PhD Spanish Studies / Programme details
Year of entry: 2022
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Our PhD Spanish Studies programme will enable you to carry out a piece of original research under the supervision of our academics.
Spanish, Portuguese and Latin American Studies at Manchester plays a key role in national and international research contexts through our publications, seminar and conference activity, and our innovative approach to the configuration of the discipline boundaries in which we work.
Our research and postgraduate teaching ranges chronologically from the Early Modern period in Spain and Latin America up to the present day (for example, with work on the modern city, on race and indigenous cultures, contemporary Spanish and Portuguese literature, film and music, and 20th and 21st-century Latin American literature, photography and comics).
Our publications and supervisory interests include cultural and literary history and theory, music, memory, history, and urban culture.
We have expertise in Brazilian/Portuguese Studies, Cultural and Gender Studies, Film Studies, History, Literature, Art and Culture in Latin America, and Textual Criticism.
In recent years, we have successfully supervised to completion PhD students in subjects covering our whole range, but with a particular clustering around Latin American, Gender, and Cultural/Literary Studies topics.
We run regular research seminar series in Spanish/Portuguese and in Latin American Cultural Studies. Postgraduate students contribute significantly to the running and content of both.
All of our postgraduate students become members of the Graduate School when you start at Manchester. It has dedicated facilities for students and offers opportunities to collaborate with other postgraduates.
In the 2014 Research Excellence Framework (REF 2014), Spanish, Portuguese and Latin American Studies was assessed as part of The University of Manchester's 'Modern Languages and Linguistics' submission.
We were confirmed as a leading centre for research in Modern Languages and Linguistics, ranking third in the UK in terms of research power (an established criterion which values research quality in relation to the number of staff submitted).
We achieved joint fourth in terms of the overall amount of 'world-leading' (4*) research activity and 80% of our research was judged to be in the highest two categories (4* or 3*).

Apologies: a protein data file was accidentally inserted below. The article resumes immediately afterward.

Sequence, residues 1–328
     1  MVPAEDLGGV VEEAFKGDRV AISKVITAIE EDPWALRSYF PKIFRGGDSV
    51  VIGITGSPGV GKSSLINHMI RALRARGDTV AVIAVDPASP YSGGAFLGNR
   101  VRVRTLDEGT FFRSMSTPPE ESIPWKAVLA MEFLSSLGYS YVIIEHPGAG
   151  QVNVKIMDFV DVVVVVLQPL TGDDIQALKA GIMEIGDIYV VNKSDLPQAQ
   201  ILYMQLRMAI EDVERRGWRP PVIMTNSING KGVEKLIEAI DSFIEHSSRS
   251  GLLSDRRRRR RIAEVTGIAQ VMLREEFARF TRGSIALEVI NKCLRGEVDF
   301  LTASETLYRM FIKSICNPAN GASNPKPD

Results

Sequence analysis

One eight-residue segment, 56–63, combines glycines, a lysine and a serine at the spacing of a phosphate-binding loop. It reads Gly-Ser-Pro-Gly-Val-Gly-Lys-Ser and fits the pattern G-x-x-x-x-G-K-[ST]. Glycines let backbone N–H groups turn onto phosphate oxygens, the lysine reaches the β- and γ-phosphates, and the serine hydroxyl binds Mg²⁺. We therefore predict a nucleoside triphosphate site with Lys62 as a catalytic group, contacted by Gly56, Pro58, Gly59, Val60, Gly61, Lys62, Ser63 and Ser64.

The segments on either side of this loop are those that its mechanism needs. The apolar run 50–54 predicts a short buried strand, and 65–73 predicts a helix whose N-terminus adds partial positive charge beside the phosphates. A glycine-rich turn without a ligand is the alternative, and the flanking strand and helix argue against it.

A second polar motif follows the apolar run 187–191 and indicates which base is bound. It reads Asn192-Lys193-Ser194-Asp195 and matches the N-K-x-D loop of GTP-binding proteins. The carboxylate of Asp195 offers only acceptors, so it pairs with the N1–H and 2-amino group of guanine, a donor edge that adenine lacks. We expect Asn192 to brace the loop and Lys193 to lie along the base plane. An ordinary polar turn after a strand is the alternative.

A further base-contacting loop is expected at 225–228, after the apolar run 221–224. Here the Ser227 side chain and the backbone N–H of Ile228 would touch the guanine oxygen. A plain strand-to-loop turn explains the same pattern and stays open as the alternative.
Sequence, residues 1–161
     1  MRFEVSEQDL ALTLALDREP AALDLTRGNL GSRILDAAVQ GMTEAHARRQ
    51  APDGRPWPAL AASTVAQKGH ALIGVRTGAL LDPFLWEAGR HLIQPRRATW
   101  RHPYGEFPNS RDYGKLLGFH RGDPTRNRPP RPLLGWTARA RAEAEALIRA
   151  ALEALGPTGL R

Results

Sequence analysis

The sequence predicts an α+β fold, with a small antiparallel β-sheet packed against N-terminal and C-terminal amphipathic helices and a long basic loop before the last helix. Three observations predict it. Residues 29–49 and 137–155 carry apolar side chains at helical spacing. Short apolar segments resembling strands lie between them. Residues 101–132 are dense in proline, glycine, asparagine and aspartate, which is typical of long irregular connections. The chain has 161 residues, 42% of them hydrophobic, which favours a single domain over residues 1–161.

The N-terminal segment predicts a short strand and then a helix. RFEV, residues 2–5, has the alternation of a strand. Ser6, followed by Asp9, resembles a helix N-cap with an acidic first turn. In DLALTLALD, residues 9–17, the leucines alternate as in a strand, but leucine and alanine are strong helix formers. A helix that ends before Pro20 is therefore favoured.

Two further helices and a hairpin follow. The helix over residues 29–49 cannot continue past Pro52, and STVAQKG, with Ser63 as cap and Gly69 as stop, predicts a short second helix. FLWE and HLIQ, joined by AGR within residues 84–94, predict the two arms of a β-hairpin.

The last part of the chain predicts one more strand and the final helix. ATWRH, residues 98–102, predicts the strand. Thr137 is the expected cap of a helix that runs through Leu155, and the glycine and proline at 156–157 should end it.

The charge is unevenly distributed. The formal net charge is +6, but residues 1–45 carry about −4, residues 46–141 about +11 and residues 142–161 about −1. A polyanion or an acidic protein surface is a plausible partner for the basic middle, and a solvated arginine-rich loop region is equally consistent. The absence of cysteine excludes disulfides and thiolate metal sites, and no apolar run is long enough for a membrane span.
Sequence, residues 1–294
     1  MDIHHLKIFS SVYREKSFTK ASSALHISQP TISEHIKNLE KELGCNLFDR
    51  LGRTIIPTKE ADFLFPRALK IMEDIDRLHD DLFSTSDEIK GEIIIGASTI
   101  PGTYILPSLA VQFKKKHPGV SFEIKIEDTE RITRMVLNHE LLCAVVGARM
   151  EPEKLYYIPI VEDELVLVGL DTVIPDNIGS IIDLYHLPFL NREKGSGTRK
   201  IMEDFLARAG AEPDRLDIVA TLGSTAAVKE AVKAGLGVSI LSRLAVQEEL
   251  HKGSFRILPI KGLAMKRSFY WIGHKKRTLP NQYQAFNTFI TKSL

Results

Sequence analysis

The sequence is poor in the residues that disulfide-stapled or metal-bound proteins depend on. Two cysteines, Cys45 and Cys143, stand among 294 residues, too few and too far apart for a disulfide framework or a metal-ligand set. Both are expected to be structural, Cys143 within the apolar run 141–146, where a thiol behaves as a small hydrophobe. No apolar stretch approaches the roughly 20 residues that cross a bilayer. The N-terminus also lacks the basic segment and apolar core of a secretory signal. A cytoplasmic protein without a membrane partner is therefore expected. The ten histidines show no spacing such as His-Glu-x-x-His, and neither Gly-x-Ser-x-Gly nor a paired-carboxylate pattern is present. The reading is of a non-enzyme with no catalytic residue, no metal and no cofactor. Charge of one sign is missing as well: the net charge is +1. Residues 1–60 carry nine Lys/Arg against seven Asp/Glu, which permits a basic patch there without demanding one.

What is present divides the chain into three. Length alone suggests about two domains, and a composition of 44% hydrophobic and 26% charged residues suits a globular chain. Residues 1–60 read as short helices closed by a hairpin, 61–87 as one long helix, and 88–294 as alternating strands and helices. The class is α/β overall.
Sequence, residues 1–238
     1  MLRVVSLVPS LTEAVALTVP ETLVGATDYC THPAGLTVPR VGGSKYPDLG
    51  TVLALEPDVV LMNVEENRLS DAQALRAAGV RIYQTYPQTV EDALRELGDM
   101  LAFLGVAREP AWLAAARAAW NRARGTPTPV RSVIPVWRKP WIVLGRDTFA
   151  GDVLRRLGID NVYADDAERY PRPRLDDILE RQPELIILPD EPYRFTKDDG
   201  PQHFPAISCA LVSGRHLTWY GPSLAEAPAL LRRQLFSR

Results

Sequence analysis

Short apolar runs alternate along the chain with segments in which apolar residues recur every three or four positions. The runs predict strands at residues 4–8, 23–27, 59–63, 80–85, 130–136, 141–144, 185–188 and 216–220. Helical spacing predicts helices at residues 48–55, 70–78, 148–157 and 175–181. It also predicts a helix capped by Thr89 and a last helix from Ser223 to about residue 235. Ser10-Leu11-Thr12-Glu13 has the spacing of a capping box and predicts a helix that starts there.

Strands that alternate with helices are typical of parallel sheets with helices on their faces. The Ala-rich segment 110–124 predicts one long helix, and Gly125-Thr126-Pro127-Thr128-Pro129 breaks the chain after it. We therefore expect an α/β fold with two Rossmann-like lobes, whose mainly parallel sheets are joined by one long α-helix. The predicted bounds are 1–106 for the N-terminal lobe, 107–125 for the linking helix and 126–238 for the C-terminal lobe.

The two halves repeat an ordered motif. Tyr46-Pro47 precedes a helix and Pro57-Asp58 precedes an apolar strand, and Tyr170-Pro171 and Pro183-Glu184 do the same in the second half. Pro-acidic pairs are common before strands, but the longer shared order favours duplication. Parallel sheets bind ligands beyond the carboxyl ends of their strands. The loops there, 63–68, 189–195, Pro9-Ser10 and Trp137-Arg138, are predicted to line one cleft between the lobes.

Specifically, 73% of our publications were judged as either 'world-leading' (4*) or 'internationally excellent' (3*); moreover, 85% of our research activity achieved 'outstanding' (4*) or 'very considerable' (3*) public impact in areas spanning policy, public discourse, education, cultural life and society.
Our research environment was also judged to be strong, with 100% judged to be 'world-leading' (4*) or 'internationally excellent' (3*).
Teaching and learning
The PhD is the major postgraduate research degree. It involves three years of full-time study or six years of part-time study and the preparation of a thesis of not more than 80,000 words that makes a significant contribution to knowledge.
A satisfactory PhD topic is one that a suitably qualified and properly supervised student can bring to completion within the permitted timeframe.
Please note that all PhD students are required to undertake research training as part of their PhD programme.
Coursework and assessment
Your research will normally be supervised by two members of staff at the University. Your supervisors will most likely be members of the School of Arts, Languages and Cultures, but if your research requires it, we may arrange for supervision by someone outside the School.
Supervisory arrangements at Manchester are governed by a Code of Practice which is available on the University's website.
Regular meetings will be held with the supervisors, and details of each of the meetings will be recorded.
Research panels (consisting of at least three academic staff, including the supervisors) are held once per semester to monitor progress.
Please note that the first year of the full-time programme and the first two years of the part-time programme are probationary. This means you will be required to show evidence of satisfactory progress to proceed with the programme.
Manchester is home to one of the UK's five National Research Libraries - one of the best-resourced academic libraries in the UK and widely recognised as one of the world's greatest research libraries.
Opportunities for study in the Early Modern period are made particularly rich by the holdings of the Library. The Library is also extremely strong in Latin American Studies and Spanish and Portuguese literature, as well as being the UK national holding library for Lusophone African studies.
Find out more about libraries and study spaces for postgraduate research students at Manchester.
We also have one of the largest academic IT services in Europe - supporting world-class teaching and research. There are extensive computing facilities across campus, with access to standard office software as well as specialist programmes, all connected to the campus network and internet.
Every student is registered for email, file storage and internet access. If more demanding computer access is required, our specialist computing division can provide high-end and specialist computing services.
The Graduate School offers dedicated state of the art facilities to research students, including common rooms and workstations.
Find out more about facilities for Modern Languages and Cultures students.